And, as your Vice President for Public Relations, I happen to be uniquely qualified to write this post. In fact the events upon a balmy 3rd September, 2015 evening will stay with me until I draw my last breath. Allow me to explain…

…But before I do, I’m here to encourage you to enter the Toastmasters Humorous Speech Contest. To take all you’ve learned from the Competent Communication manual, and put it to new and exciting uses. Be brave—step outside your comfort zone—ignore my clichés—and give it a try! Nothing compares with the thrill of having the room laugh at your carefully constructed joke; to risk deafness at the hands (literally) of a wildly clapping audience. 

Learn your craft - google your way to glory!

Some people are naturally amusing. The rest of us have to work at it. Remember that professional comics dedicate years to perfecting their craft. As a first step, I’d suggest you google “Secrets of delivering a humorous/funny speech” because lots of articles will come up. Here’s one I just read and I think is useful: http://www.wikihow.com/Write-a-Funny-Speech

A google caveat

Please remember, however, that you are googling how to write a humorous speech, i.e. the structure of a humour speech or story. Toastmasters requires that the actual content be original. We’re looking forward to hearing your own original stories!

That balmy 3rd September, 2015

So, what makes me uniquely equipped to encourage you to enter? What life-changing events transpired on that balmy September evening two years ago? Not wishing to blow my own trumpet, it is with considerable shyness that I admit to holding a Toastmasters’ record. They are still designing the certificate.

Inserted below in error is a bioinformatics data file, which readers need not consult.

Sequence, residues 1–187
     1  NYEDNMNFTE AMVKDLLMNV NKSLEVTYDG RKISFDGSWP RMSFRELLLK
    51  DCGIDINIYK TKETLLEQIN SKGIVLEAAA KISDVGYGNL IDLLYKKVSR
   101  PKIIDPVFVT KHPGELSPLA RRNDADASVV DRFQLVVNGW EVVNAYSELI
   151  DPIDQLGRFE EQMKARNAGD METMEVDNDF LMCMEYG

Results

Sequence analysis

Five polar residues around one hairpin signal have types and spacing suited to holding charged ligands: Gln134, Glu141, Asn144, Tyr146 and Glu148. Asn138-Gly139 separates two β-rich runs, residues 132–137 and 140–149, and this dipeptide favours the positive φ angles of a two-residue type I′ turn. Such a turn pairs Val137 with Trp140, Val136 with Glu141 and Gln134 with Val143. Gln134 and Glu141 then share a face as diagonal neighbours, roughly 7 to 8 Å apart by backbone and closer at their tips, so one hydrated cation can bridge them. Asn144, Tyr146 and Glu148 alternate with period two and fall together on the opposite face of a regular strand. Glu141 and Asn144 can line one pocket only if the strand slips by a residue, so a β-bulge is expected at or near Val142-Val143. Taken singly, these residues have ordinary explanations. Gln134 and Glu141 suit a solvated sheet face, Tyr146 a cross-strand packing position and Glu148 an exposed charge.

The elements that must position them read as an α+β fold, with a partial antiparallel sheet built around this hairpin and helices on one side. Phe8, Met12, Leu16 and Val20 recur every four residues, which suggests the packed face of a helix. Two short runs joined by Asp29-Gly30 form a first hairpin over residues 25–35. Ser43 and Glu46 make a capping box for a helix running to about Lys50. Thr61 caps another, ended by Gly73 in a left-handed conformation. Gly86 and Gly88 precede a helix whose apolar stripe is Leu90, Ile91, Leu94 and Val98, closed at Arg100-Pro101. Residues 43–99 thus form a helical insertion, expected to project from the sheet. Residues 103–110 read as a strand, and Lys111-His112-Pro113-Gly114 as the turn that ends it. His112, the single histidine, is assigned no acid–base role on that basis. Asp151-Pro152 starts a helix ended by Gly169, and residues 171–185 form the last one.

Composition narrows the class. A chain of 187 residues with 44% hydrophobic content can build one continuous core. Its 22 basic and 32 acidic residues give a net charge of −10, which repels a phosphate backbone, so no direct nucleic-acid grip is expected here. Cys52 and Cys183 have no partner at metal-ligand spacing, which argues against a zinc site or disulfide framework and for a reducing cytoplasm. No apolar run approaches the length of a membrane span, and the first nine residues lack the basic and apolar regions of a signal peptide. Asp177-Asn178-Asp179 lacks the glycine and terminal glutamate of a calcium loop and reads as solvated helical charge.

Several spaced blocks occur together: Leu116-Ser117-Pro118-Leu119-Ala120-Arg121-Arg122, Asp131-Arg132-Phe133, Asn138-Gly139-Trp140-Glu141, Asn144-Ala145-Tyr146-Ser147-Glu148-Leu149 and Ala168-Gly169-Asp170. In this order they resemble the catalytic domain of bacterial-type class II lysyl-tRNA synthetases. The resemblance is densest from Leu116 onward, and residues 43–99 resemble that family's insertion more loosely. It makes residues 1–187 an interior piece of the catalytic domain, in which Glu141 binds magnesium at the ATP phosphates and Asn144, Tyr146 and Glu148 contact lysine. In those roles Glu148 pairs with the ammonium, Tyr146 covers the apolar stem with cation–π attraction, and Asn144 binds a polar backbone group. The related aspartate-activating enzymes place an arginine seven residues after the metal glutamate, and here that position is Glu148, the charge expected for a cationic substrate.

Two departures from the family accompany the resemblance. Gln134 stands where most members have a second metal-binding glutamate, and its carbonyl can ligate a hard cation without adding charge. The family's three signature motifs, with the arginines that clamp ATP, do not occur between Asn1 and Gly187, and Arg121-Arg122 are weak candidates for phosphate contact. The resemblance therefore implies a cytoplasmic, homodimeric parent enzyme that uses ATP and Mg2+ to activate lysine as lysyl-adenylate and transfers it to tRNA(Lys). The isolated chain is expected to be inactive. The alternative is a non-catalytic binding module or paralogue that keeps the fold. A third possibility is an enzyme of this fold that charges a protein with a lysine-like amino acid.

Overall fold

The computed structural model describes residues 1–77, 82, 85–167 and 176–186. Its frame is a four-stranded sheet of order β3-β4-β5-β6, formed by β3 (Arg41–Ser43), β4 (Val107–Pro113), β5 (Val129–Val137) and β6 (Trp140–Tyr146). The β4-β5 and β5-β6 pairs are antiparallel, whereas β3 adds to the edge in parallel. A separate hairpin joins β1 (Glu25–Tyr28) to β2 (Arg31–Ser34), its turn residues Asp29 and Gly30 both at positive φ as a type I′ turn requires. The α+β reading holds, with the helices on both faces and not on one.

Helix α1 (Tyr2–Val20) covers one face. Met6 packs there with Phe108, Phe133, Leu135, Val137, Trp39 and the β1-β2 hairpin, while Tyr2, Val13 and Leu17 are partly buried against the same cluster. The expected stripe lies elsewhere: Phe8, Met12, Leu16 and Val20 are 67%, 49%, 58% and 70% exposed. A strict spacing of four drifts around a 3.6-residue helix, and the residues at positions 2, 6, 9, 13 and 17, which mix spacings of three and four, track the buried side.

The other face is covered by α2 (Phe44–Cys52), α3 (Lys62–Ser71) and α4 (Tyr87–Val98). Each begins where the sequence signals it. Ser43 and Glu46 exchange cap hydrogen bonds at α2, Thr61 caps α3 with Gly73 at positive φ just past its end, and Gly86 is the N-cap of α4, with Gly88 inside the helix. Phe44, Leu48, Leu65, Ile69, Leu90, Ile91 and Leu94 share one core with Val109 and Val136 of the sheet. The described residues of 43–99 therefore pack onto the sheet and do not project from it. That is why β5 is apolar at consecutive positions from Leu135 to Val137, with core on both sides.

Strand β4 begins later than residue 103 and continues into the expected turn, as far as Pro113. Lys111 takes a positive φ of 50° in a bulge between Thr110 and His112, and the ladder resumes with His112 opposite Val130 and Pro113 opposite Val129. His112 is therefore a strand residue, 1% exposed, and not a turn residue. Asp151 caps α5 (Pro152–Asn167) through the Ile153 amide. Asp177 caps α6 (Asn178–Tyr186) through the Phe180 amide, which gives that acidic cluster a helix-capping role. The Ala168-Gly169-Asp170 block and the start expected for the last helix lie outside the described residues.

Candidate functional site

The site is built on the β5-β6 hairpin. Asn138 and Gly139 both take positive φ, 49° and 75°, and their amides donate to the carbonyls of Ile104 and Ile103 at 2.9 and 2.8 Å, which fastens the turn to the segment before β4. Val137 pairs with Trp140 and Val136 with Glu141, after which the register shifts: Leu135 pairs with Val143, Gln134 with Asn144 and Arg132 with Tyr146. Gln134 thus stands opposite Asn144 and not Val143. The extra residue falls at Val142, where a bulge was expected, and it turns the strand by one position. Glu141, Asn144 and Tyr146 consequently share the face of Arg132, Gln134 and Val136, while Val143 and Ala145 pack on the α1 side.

I was the only speaker to enter a Humorous Speech contest at our club on September 3rd, 2015 and achieve no laughs. Not one. 

This coming September

You can only improve on my performance. Please don’t make the mistakes I made! Do your research, understand the mechanics of humour and then deliver. Be sure to enjoy the experience as you google your way to glory! I’m told that making people laugh is a great high. Don’t forget to tell me what it feels like because I’ll be your Contest Chair. 

By the way, Robert Pakter, interventional radiologist at Hopkins Medical confirms it is possible to crack a rib from laughing. 

St Mary’s Paddington will be on stand-by...

 

Ben Starling 

Step Out Of Your Comfort Zone - Try A New Role!

Okay. You've done your self-introduction Icebreaker Speech and survived. Well done! You've started your personal journey to becoming the best public speaker you can be. Hurrah! The first time you stand up on stage is the hardest. The good news is that it only gets easier every time thereafter.

 

New Skills to Gain

 

The Competent Communicators Manual--the first 10 speeches in the Toastmasters curriculum--guides you through developing the basics of speech delivery. But there are so many other different public speaking techniques to learn which will round out your public speaking skill set: impromptu speaking, facilitation, time management, diplomacy, leadership and more. And the various roles you see at Toastmasters meetings each give a different opportunity to improve these skills.

 

Visit the Kings Speakers page at the Easyspeak Toastmasters website http://toastmasterclub.org/view_agenda.php?t=26120. Log in and click on My Participation / Sign Up For Meetings. Then you'll see where you can sign up for your next speech. But there are also a variety of roles next to which you can place your green tick mark (only one tick mark per meeting)! 

 

Roles To Try in a Toastmasters meeting